Apologia pro Vita Sua
John Henry Newman’s Apologia pro Vita Sua is generally considered not only a great work of theology, but also one of the great classics of English literature. Often compared to Augustine’s Confessions, one of the first reviews (included in this Norton Critical Edition) goes so far as to call it “a far deeper revelation, and a far greater moral achievement” than even the Confessions. Even the Bloomsbury critic Lytton Strachey, who was not only vociferously opposed to Newman’s theology, but was al...more
But it is not a spiritual work in that sense. It is not intended to edify. It is, simply, a record of Newman's changing beliefs which led by a fairly direct route to Catholicism. It is a justification of his conversion as intellectually honest. It is not apologetic, as he is not primarily concerned with giving arguments, and those which appear are inc ...more
Ker je pisec ne toliko komplicirana oseba kot človek uperjen v učenje svoje argumentacije, je vse zelo stopnjevito in metodično obrazloženo in pri tem subjektivno kot šolano vodeno predavanje o času v katerem anglikanci in rimokatoliki bijejo boj za duše in za svoj lastni smisel. Ker je pisec šolan anglikanec, ki je postal proti koncu življe ...more
Newman's autobiography is "the only one that bears mentioning in the same sentence with Augustine's Confessions". In this opinion of Father Oakes SJ I do concur. To enter into the Apologia (hereafter APVS) is to draw near to the heart of one of the greatest figures in literature and Christianity. One can share this opinion without necessarily sharing his religious convictions; much of what is in dispute during Newman's conversion from Anglicanism t ...more
The words themsel ...more
I'll be spending 2013 reading biographical materials: autobiographies, biographies, diaries and letters. Over the course of the next twelve months, I'll be reading and discussing three items in each of those four categories. It isn't just that the people who are the focus are important, and that their stories are fascinating, but biographical material itself poses its own questions – how is the life of a real person constructed in narrative? Wha ...more
This book is at the same time a fascinating time-capsule, documenting the spiri ...more
Most of the book consists of Newman defending himself and his conversion from Anglicanism to Catholicism (which I guess was totally radical at the time, but now seems like practically a baby step between religious identifications). His defense ...more
Fascinating picture of England, Oxford, the Anglican church in the mid-nineteenth century
I was struck by how an idealistic romanticism seemed to drive Newman, both consciously and unconsciously, in his religious movement towards Rome. There are places of truly beautiful writing to savor throughout, and I can see why this is considered a classic of Christian memoir. Finally, and this has been said before, but the narrative is an argument that Anglo-Catholic ...more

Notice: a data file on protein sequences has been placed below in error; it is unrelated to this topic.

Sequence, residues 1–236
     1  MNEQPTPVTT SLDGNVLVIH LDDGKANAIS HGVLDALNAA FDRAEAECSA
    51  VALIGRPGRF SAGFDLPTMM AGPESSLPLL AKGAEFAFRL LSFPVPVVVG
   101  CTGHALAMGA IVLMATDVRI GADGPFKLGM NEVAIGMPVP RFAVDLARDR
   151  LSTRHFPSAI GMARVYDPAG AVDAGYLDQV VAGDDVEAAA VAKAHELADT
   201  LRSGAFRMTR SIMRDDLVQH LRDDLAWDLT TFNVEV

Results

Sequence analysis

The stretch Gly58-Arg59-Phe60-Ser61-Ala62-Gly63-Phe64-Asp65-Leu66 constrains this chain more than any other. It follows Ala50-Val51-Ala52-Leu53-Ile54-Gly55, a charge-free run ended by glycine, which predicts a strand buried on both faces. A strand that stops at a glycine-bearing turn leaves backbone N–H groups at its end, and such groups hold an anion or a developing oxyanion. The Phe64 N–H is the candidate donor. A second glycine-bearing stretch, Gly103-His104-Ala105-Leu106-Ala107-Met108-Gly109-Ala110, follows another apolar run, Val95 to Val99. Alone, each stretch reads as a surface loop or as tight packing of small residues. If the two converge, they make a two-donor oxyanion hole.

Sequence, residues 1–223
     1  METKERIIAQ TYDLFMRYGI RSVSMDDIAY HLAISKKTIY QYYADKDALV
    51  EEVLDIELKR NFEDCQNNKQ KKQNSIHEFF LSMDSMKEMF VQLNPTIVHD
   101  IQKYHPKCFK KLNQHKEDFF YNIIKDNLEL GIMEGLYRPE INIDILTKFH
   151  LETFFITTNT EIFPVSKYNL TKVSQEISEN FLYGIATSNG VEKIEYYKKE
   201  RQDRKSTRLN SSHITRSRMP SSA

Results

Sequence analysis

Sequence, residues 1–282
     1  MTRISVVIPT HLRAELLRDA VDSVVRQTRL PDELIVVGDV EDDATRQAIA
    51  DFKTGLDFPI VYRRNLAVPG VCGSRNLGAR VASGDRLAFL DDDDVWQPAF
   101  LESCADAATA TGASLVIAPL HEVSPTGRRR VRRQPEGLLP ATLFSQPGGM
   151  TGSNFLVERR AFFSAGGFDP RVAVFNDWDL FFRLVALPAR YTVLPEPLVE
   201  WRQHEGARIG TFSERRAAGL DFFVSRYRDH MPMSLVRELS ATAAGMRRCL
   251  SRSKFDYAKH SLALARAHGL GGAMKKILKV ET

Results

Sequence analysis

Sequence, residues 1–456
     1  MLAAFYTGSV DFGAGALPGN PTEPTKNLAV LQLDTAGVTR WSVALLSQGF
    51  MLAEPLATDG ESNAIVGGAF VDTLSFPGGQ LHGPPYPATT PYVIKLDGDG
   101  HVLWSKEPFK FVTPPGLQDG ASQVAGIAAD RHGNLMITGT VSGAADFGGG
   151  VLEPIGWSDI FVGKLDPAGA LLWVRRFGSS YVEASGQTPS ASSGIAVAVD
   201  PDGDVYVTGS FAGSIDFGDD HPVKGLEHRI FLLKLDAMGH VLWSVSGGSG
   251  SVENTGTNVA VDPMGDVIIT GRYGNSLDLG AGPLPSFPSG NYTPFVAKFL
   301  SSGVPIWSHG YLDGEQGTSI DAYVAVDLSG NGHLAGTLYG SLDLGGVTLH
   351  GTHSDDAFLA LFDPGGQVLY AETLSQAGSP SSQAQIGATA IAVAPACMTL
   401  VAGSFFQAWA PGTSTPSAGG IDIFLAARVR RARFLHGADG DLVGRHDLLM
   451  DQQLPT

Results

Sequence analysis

Bl. Newman's integrity is admirable and his ability to think and express himself logically is remarkable. His prose is beautiful, if long.
I learned quite a bit about Anglican theology and the Anglican predicaments in the mid-19th century. It's fascinating to compare it with what is happening today in the Anglican Church.
Overall, a good read! Glad I picked it up!
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I interpose: 'You are taking a most extraordinary liberty with my name. If I have said this, tell me when and where.'
Mr Kingsley replies: 'You said it, Reverend Sir, in a Sermon which you preached, when a Protestant, as Vicar of St Mary's, and published in 1844; and I could read you a very salutary lecture on the effects which that Sermon had at the time on my own opinion of you.'
I make answer: 'Oh...NOT, it seems, as a Priest speaking of Priests-but let us have the passage.'
Mr Kingsley relaxes: 'Do you know, I like your TONE. From your TONE I rejoice, greatly rejoice, to be able to believe that you did not mean what you said.'
I rejoin: 'MEAN it! I maintain I never SAID it, whether as a Protestant or as a Catholic.'
Mr Kingsley replies: 'I waive that point.'
I object: 'Is it possible! What? waive the main question! I either said it or I didn't. You have made a monstrous charge against me; direct, distinct, public. You are bound to prove it as directly, as distinctly, as publicly-or to own you can't.'
'Well,' says Mr Kingsley, 'if you are quite sure you did not say it, I'll take your word for it; I really will.'
My WORD! I am dumb. Somehow I thought that it was my WORD that happened to be on trial. The WORD of a Professor of lying, that he does not lie!
But Mr Kingsley reassures me: 'We are both gentlemen,' he says: 'I have done as much as one English gentleman can expect from another.'
I begin to see: he thought me a gentleman at the very time he said I taught lying on system...”